What’s In a Name?

The Self-Fulfilling Prophecy of One of the Oldest Distinctions in Society


Arianne Browne

Saldon Tenzin ’24 said, “Although I didn’t always feel like this, I grew to love and feel lucky for having a name like mine because of the ‘unique’ quality that it has.”

A name is what draws someone into a business, a song, an artist, or a brand. It’s something that represents where we’re from, who our families are, and our sense of pride. And, yet, it’s so easy to have a difficult relationship with your name, especially if it’s seen as “hard to pronounce” or “unusual.” 

I have disliked my own name for quite a while, and I know that might not be the nicest thing to say about a name that my parents spent nine long months deliberating upon, but I still spent my childhood running through a maze of names of my favorite cartoon characters wishing I could be them. I’d rather have been named after a Disney princess than have a name that no one at school could pronounce. I’d often wondered if I looked like an “Aurora” or an “Ariel.” Would I be a different person than I am now if had I one of those names, or any other name for that matter? A name can’t possibly affect who I am, right?

This article, written by Natalie Frank for Medium, delves into the impact of our name on our personalities and even appearances.“The name given to us at birth is the first way we are identified socially,” said Frank.  She goes on to explain that the name that we’re given, and the way it’s perceived by society (whether it is classified as being either uncommon or common) has a major impact upon our personalities, behaviors, and even our appearances. We want to live up to the expectations that our names place on us.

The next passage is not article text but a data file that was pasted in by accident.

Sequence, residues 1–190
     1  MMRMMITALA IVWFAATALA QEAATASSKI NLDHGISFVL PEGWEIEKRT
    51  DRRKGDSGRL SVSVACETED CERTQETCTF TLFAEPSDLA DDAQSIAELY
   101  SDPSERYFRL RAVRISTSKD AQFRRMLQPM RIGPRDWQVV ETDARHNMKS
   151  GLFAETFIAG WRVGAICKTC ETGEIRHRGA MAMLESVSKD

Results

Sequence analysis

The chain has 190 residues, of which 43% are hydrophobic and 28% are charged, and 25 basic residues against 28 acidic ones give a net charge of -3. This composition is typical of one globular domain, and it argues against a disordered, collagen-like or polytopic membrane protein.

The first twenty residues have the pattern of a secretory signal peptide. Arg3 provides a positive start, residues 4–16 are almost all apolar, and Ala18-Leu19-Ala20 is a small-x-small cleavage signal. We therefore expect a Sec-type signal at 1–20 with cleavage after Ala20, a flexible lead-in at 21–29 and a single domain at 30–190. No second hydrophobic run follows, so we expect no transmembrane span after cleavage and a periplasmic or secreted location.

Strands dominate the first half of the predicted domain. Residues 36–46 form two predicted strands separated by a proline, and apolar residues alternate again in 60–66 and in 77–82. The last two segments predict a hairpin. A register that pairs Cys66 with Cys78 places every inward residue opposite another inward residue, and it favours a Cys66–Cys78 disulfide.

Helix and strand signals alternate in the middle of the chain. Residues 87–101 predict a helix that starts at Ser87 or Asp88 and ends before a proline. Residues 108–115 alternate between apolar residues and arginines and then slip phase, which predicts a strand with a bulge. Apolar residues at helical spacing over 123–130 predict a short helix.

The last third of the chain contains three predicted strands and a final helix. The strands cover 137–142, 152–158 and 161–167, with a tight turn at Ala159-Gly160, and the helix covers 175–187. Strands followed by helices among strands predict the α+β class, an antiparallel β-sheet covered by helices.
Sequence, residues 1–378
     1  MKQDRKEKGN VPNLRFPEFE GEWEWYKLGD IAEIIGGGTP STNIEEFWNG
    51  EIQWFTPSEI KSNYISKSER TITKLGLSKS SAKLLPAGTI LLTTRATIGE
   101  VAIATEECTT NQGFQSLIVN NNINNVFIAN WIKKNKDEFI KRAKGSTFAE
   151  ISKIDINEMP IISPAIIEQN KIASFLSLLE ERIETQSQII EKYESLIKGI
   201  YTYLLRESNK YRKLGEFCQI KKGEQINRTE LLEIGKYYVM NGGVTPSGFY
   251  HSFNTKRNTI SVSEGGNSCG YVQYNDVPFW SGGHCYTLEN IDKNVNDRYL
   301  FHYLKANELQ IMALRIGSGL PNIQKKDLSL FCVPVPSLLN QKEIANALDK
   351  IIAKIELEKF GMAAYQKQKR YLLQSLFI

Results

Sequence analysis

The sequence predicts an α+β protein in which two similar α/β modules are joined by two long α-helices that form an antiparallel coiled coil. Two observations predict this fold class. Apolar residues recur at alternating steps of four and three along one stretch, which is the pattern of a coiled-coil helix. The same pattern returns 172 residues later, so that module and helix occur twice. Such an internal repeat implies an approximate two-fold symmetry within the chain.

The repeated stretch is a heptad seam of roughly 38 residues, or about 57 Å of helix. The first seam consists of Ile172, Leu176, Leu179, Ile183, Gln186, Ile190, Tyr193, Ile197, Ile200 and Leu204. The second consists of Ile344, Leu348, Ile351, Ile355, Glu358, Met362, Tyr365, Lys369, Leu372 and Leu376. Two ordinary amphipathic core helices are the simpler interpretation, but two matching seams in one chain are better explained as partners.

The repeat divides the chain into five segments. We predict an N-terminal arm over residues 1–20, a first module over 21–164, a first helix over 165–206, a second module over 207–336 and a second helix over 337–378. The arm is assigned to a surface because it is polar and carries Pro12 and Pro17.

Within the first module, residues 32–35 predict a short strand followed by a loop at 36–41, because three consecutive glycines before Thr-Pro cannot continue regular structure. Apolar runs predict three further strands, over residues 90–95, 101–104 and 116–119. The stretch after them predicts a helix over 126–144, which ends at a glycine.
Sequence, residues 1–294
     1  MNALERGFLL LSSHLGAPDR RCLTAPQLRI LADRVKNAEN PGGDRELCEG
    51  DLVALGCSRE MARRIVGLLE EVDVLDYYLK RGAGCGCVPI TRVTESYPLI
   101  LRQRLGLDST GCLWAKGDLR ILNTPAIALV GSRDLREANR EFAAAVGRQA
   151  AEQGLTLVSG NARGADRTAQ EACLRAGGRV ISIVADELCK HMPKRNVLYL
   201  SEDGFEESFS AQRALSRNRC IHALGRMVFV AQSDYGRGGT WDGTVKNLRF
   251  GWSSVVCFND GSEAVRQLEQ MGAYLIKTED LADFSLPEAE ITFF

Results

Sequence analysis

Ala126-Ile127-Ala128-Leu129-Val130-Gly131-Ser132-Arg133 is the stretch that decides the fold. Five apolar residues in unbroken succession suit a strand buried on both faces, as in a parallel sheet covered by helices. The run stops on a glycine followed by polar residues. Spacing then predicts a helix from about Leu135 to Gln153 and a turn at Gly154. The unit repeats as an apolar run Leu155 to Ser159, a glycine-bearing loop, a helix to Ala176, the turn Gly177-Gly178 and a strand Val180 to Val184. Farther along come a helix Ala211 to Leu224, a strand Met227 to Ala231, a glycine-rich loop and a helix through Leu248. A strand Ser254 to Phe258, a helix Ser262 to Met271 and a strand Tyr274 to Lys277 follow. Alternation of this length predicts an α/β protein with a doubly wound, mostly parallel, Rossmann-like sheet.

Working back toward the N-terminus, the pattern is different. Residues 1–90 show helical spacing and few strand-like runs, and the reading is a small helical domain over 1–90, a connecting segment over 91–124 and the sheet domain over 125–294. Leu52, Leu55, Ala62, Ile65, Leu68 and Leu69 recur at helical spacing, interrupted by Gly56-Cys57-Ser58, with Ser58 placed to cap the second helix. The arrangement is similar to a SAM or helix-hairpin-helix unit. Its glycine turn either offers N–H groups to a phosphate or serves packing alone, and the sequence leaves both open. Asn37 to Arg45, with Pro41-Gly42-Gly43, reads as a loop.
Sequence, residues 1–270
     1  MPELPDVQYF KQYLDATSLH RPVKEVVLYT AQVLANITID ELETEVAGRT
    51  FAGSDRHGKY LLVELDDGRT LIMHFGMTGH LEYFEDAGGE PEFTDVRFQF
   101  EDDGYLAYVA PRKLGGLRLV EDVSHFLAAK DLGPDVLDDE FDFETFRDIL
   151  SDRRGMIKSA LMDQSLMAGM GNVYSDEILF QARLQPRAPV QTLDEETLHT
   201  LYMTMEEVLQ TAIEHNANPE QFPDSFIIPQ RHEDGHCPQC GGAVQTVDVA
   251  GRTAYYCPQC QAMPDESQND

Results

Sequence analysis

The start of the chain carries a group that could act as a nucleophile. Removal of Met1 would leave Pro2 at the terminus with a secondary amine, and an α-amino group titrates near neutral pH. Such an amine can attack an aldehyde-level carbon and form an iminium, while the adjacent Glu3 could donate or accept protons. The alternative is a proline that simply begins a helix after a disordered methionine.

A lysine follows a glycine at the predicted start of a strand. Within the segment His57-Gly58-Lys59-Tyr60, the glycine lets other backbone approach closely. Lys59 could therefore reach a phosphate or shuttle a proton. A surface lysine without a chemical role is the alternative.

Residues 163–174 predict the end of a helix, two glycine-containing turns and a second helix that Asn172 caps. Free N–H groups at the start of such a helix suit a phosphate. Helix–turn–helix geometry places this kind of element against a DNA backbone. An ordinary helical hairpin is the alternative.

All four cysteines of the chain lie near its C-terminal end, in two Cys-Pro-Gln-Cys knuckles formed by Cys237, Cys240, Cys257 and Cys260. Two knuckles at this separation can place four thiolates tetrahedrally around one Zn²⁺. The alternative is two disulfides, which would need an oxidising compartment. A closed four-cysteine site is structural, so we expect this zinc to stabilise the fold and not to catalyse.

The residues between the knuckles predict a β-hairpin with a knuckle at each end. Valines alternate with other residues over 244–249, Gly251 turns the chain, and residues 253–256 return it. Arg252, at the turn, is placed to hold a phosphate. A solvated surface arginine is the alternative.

A study conducted in 1948 sought to discover the effect that one’s name had on their academic success. A total of 3,320 students from the Harvard classes of 1941, ’42, ’43, and ’44 were included, and it was determined that those with a more “unusual name” fared worse off in society than those with a “common name.” Two hundred and eighty-eight of those with unusual names ended up dropping out of university for “unsatisfactory academic performance.” 

Even Business Insider went so far as to say that having a rare name is a major drawback when applying for a job. In a New York University study, “researchers found that people with easier-to-pronounce names often have higher-status positions at work. One of the psychologists, Adam Alter, explains to Wired, ‘When we can process a piece of information more easily when it’s easier to comprehend, we come to like it more.’”

Does that mean we should all change our names to Mary and John?

In short, no! So many names that are considered “unusual” or “rare” are actually quite common in their respective cultures, despite being seen as unconventional in Western culture. Most of these names have a distinct cultural significance or have meanings deeper than just something that we refer to someone as.  And, as I think many of us have grown to feel, our names offer us a sense of comfort and familiarity that can’t so easily be explained by any word.

So, what’s in a name?

Sadia Ali ’22